IDEAS home Printed from https://ideas.repec.org/p/zbw/umiodp/072016.html
   My bibliography  Save this paper

The strongest link in a weak team? Performance of players with and without outside options in relegated football clubs

Author

Listed:
  • Müller, Michael

Abstract

In this study the performance of players in relegated German football clubs is analysed, in particular the change in their contribution to team production. The players in the data sample differ regarding their outside options. Different career opportunities of players may have two effects when their current team struggles against relegation. First, players with outside options should be less motivated compared to the reference group. Second, risk attitudes of players who lack career opportunities may change. The empirical results show that players with outside options contribute less to the teams overall running distance before they are transferred to league opponents. Players who stayed after relegation with their teams played more incomplete passes, which indicates that they are more willing to take risks. Effort levels of staying players get higher, but leaving players might have superior playing talent.

Suggested Citation

  • Müller, Michael, 2016. "The strongest link in a weak team? Performance of players with and without outside options in relegated football clubs," Discussion Papers of the Institute for Organisational Economics 07/2016, University of Münster, Institute for Organisational Economics.
  • Handle: RePEc:zbw:umiodp:072016
    as

    Download full text from publisher

    File URL: https://www.econstor.eu/bitstream/10419/144874/1/864733895.pdf
    Download Restriction: no

    References listed on IDEAS

    as
    1. Egon Franck & Stephan Nüesch, 2012. "Talent And/Or Popularity: What Does It Take To Be A Superstar?," Economic Inquiry, Western Economic Association International, vol. 50(1), pages 202-216, January.
    2. Hausman, Jerry, 2015. "Specification tests in econometrics," Applied Econometrics, Publishing House "SINERGIA PRESS", vol. 38(2), pages 112-134.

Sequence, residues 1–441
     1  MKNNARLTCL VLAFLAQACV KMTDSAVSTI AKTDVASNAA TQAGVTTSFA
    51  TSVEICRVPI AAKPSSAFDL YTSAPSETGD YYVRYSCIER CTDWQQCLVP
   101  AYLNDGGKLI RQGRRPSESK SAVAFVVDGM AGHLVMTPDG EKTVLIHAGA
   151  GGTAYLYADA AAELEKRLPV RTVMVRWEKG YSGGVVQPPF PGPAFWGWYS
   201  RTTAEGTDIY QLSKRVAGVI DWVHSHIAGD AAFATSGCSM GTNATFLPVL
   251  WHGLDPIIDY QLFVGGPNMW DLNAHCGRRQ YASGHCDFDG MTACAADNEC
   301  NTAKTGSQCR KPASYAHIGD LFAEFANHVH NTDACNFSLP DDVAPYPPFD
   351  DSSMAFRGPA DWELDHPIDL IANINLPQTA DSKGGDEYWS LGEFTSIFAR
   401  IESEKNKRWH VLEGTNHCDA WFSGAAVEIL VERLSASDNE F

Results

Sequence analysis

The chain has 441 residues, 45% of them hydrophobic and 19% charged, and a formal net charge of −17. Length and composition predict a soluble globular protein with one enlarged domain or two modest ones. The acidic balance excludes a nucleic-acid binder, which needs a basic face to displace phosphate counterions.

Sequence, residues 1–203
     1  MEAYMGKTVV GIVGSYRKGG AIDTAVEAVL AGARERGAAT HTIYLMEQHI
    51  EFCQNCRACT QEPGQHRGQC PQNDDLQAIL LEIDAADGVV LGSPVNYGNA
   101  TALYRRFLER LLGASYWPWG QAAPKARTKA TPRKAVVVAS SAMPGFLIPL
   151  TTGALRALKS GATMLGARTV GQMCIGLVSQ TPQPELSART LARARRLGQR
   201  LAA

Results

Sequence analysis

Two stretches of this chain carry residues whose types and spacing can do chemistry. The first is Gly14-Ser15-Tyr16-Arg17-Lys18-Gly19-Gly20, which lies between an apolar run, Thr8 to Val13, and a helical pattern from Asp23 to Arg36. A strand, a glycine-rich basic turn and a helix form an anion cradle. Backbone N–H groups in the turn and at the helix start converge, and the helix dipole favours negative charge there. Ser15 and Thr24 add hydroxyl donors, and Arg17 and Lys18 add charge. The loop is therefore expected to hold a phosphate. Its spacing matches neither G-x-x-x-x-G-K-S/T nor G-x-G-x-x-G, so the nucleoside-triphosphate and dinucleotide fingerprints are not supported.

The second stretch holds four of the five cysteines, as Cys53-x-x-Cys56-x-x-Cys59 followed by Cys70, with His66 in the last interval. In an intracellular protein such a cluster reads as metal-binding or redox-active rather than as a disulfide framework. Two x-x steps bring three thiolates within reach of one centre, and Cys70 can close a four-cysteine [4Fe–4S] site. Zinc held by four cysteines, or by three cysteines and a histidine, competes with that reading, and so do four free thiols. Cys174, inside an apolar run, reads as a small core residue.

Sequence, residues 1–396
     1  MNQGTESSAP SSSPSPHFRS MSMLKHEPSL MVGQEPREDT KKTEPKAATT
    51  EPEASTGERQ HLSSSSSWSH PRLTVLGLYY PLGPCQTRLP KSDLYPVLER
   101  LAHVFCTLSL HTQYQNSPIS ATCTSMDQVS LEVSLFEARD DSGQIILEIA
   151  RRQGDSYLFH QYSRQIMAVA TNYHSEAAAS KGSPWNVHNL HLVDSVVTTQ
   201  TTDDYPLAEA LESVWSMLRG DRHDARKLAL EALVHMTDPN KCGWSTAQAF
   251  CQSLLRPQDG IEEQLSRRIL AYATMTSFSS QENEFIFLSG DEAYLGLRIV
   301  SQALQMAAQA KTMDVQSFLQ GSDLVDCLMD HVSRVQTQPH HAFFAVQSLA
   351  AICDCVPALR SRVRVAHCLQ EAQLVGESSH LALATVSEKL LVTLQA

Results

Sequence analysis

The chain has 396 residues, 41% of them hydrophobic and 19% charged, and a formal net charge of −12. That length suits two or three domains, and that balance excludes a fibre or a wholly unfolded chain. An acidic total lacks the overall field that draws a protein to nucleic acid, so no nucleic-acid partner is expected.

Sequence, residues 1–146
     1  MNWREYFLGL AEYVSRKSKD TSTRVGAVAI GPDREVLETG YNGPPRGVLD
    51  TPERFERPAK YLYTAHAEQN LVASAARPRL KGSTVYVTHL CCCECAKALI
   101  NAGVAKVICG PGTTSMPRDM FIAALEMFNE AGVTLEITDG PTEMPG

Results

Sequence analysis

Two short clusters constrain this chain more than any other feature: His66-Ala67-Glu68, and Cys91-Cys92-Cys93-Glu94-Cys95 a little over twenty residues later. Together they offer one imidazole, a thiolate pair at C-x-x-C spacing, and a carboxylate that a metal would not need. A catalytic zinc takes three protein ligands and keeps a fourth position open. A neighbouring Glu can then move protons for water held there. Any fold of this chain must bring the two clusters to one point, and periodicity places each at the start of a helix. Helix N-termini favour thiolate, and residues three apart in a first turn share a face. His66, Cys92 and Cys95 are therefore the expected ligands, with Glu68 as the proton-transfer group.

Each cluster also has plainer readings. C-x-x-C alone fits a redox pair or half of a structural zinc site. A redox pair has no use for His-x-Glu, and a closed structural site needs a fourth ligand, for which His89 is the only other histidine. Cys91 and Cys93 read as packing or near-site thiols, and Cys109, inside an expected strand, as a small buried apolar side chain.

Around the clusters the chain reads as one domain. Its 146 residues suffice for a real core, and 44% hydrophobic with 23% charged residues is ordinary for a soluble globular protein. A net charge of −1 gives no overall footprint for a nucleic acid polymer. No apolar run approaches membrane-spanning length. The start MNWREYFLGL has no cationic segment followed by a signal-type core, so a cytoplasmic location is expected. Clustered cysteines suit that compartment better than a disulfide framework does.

3. Elisabetta Iossa & Patrick Rey, 2014. "Building Reputation For Contract Renewal: Implications For Performance Dynamics And Contract Duration," Journal of the European Economic Association, European Economic Association, vol. 12(3), pages 549-574, June.
    4. David J. Berri & Anthony C. Krautmann, 2006. "Shirking on the Court: Testing for the Incentive Effects of Guaranteed Pay," Economic Inquiry, Western Economic Association International, vol. 44(3), pages 536-546, July.
    5. Stefan Zeisberger & Dennis Vrecko & Thomas Langer, 2012. "Measuring the time stability of Prospect Theory preferences," Theory and Decision, Springer, vol. 72(3), pages 359-386, March.
    6. Barton H. Hamilton & Jack A. Nickerson & Hideo Owan, 2003. "Team Incentives and Worker Heterogeneity: An Empirical Analysis of the Impact of Teams on Productivity and Participation," Journal of Political Economy, University of Chicago Press, vol. 111(3), pages 465-497, June.
    7. Bernd Frick & Gunnar Pietzner & Joachim Prinz, 2007. "Career Duration a Competitive Environment: The Labor Market for Soccer Players in Germany," Eastern Economic Journal, Eastern Economic Association, vol. 33(3), pages 429-442, Summer.
    8. Anthony C. Krautmann & John L. Solow, 2009. "The Dynamics of Performance Over the Duration of Major League Baseball Long-Term Contracts," Journal of Sports Economics, , vol. 10(1), pages 6-22, February.
    9. Kevin J. Stiroh, 2007. "Playing For Keeps: Pay And Performance In The Nba," Economic Inquiry, Western Economic Association International, vol. 45(1), pages 145-161, January.
    10. Néstor Gandelman, 2008. "Mobility Among Employers and Assortative Matching," Journal of Sports Economics, , vol. 9(4), pages 351-370, August.